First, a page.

Summary: The Creative Aurvana X-Fi headphones are a good option for bass-loving frequent fliers who have the money to spend and don't mind others eavesdropping on their listening experience.
Pros: The Creative Aurvana X-Fi offers advanced sound enhancement features not found in other headphones and those features work as advertised. These headphones also offer great sound quality and noise cancellation, and they come with some handy extras.
Cons: The Creative Aurvana X-Fi headphones are expensive, the design isn't that portable, and quite a bit of sound bleeds out for all to hear.
Conclusion: These chunky headphones from Creative could be a bit more comfy, but they eliminate as much noise as the Quiet Comfort 2, sound much better, can operate passively, and can play more loudly.
Pros: Pleasant audio performance—much better than Bose's Quiet Comforts. Excellent noise cancellation. Well-defined bass. More powerful output than the Quiet Comfort 2's. iPhone-compatible extension cable.
Cons: Cable fits awkwardly into headphones. The X-Fi 3D special effect isn't great. Set is less comfy than Bose's Quiet Comfort 2.
Conclusion: If you’ve got room in your holiday bags for a plastic sombrero, there should be room for the Aurvana X-Fi. A great commuting gadget too, especially if not all your MP3s are ripped at the highest quality.
Pros: We would gladly forsake a lifetime of salt and vinegar pretzels and miniature bottles of gin if airlines handed out this noise-cancelling beauties at the start of a flight instead. Connect them to a music player and let the X-Fi gizmos squeeze every last byte from your music files, or plug into the in-flight movie and wonder where all the naughty bits went. The handy travel case includes a fat gold-plated 6.3mm adaptor and room for the detachable 1.5m oxygen-free copp...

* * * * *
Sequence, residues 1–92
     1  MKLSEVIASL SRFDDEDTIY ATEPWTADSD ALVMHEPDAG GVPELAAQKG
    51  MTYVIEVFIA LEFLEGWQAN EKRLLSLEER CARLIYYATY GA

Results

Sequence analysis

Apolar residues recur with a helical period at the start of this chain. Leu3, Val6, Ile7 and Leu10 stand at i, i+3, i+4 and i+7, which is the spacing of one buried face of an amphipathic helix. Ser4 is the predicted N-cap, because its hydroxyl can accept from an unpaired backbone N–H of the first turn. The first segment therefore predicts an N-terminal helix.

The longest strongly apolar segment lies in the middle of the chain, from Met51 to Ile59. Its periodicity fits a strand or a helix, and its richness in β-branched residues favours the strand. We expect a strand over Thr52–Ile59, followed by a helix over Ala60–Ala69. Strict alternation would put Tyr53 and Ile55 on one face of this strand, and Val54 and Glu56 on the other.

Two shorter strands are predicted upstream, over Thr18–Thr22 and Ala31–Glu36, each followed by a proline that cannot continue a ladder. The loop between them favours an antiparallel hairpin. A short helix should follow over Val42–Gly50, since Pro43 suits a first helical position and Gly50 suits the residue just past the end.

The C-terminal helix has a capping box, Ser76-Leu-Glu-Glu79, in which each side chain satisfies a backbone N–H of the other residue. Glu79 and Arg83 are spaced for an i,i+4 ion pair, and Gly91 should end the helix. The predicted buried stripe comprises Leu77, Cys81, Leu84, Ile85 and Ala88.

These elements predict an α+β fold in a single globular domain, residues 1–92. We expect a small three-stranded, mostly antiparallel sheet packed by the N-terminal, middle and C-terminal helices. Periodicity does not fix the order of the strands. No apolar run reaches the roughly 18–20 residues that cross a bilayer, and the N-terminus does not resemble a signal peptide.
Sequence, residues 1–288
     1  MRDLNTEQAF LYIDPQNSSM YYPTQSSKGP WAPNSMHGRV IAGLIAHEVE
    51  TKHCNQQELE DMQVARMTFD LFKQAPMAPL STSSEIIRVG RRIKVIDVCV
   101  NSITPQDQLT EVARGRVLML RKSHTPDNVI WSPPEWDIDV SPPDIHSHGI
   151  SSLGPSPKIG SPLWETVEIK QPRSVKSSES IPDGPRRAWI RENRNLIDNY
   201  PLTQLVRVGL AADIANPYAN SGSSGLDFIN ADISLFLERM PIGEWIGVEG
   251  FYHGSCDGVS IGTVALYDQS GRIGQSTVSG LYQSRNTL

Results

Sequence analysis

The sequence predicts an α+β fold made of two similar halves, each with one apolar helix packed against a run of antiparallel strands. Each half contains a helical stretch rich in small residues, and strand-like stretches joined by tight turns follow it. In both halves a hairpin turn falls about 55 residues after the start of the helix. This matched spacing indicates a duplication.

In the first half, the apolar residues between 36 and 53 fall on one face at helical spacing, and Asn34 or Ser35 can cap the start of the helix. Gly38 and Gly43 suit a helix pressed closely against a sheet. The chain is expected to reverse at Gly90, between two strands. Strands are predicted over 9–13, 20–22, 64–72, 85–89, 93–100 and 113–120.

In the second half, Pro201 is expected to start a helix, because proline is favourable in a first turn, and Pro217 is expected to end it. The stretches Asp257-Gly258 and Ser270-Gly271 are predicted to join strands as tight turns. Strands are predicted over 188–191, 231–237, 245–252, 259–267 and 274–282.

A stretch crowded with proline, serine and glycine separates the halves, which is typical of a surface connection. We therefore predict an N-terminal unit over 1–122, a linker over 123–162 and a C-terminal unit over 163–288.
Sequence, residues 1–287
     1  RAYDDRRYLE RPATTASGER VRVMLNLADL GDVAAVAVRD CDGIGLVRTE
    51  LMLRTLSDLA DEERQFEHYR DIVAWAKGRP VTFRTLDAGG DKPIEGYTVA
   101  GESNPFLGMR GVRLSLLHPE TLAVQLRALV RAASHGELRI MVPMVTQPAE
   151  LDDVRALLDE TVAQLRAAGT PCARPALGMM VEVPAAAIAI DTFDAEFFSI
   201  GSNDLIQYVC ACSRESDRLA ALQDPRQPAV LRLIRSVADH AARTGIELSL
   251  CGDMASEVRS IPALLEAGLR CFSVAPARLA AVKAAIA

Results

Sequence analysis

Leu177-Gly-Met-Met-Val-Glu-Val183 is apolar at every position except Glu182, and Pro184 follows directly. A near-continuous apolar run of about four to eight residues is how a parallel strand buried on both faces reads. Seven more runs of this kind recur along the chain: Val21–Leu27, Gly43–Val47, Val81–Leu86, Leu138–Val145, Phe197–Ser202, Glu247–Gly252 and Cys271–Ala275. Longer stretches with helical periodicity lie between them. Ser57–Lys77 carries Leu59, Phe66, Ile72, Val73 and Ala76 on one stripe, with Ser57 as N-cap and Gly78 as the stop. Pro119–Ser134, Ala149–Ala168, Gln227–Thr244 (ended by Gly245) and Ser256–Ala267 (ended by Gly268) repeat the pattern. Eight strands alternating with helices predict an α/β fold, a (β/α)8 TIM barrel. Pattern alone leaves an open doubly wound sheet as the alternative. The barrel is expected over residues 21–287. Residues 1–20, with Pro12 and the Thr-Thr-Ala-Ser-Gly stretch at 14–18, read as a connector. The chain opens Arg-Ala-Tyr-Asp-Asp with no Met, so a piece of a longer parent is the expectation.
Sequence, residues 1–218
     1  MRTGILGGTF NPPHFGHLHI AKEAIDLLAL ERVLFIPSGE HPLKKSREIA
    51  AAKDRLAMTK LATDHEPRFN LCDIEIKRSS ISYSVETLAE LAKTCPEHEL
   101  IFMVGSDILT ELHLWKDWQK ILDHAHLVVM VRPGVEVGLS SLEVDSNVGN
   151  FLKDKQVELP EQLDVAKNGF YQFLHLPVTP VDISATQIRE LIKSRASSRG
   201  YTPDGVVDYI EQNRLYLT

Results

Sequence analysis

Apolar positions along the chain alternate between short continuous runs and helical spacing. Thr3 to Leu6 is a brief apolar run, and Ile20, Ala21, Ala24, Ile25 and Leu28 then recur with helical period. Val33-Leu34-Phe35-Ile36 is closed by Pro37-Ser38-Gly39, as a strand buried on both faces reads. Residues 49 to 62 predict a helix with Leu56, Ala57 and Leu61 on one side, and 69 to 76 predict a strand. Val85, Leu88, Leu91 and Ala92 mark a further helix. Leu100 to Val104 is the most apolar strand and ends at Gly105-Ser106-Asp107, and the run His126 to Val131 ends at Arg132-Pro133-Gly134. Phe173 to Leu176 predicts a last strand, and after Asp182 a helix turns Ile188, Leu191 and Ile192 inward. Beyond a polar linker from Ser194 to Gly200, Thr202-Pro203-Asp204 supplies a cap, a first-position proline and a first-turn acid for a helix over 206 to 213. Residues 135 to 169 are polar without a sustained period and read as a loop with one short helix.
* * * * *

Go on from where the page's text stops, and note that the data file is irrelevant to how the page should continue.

Cons: Noise-cancelling isn’t as effective as the Sennheisers and Boses of the world, and you’ll either love or hate the artificial spaciousness of the X-Fi treatment (you can always turn it off it you don’t like it). Sound quality is great at the low end but less impressive for highly detailed pop or classical tunes. Big and heavy, too.
Summary: The Creative Aurvana X-Fi is not inexpensive. But the nearest competitor, Bose's QuietComfort 2, costs just as much and offers half the features. Which would you rather have - headphones that merely block noise, or headphones that block noise and improve your music? The choice is obvious.
Excerpt: We’ve never liked headphones that use active noise cancellation because they simply mask environmental noise by generating background hiss. But Creative’s Aurvana X-Fi headphones are almost good enough to win us over. Donning the headphones and activating their noise-cancellation circuit instantly silenced the background cacophony created by our building’s HVAC system and myriad nearby computers—and we could barely detect the circuitry used to accomplish the feat.
Pros: Active noise-cancellation works well; good sound.
Cons: Active noise-cancellation still detectable; harshes midrange tones; drains batteries.
Summary: The Aurvana X-Fi is not inexpensive. But the nearest competitor, Bose's QuietComfort 2, costs just as much and offers half the features. Which would you rather have – headphones that merely block noise, or headphones that block noise and improve your music? The choice is obvious.
Pros: Improve quality of MP3 files, fit comfortably
Cons: Expensive, surround-sound feature doesn't work well
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Excerpt: Multi-functional, noise-cancelling, and a tech-geek’s deligh, the Aurvana X-Fi headphones splice together some of Creative’s top techy features. But are they as good as some of their more expensive brethren?
Pros: Splicing the visual DNA of the Sennheiser PXC 450 with a pair of DJ headphones from Argos, these noise cancellers from Creative are festooned with buttons, blue LEDs and impressive-sounding features such as “X-Fi Crystalizer” sound processing and “CMSS-3D” pseudo surround sound. Noise cancelling is very effective, albeit less so than the Sennheiser PXC 450 and sonics are generally involving if unexceptional. They run for hours and hours on a single AAA.
Cons: Like most such technologies, the two sonic processors on here are a bit of a waste of time. The X-Fi arguably adds a bit of body to lacklustre, low bitrate MP3s but you shouldn’t be using 128Kbps rips with your £200 headphones anyway. The CMSS-3D may as well be called “The Sound Ruiner 3000” and gives a disorientating effect not unlike listening to music through a guitar’s reverb pedal whilst wearing a bucket on your head. The blue LEDs are both pointless and indiscre...